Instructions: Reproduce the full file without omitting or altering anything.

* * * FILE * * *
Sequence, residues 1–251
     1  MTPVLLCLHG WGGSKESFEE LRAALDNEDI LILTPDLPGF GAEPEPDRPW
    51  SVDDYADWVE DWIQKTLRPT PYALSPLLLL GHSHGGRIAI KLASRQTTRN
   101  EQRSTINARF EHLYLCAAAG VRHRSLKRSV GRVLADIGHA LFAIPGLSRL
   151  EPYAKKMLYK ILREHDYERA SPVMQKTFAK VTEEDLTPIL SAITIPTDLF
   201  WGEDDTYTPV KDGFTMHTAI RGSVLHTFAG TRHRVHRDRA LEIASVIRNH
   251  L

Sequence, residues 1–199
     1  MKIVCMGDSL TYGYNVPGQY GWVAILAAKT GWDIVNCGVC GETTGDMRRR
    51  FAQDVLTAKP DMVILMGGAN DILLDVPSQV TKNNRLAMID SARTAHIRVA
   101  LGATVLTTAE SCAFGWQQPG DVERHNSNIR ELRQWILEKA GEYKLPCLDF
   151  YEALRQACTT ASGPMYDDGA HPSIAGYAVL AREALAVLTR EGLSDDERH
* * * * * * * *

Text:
Sequence, residues 1–251
     1  MTPVLLCLHG WGGSKESFEE LRAALDNEDI LILTPDLPGF GAEPEPDRPW
    51  SVDDYADWVE DWIQKTLRPT PYALSPLLLL GHSHGGRIAI KLASRQTTRN
   101  EQRSTINARF EHLYLCAAAG VRHRSLKRSV GRVLADIGHA LFAIPGLSRL
   151  EPYAKKMLYK ILREHDYERA SPVMQKTFAK VTEEDLTPIL SAITIPTDLF
   201  WGEDDTYTPV KDGFTMHTAI RGSVLHTFAG TRHRVHRDRA LEIASVIRNH
   251  L

Sequence, residues 1–199
     1  MKIVCMGDSL TYGYNVPGQY GWVAILAAKT GWDIVNCGVC GETTGDMRRR
    51  FAQDVLTAKP DMVILMGGAN DILLDVPSQV TKNNRLAMID SARTAHIRVA
   101  LGATVLTTAE SCAFGWQQPG DVERHNSNIR ELRQWILEKA GEYKLPCLDF
   151  YEALRQACTT ASGPMYDDGA HPSIAGYAVL AREALAVLTR EGLSDDERH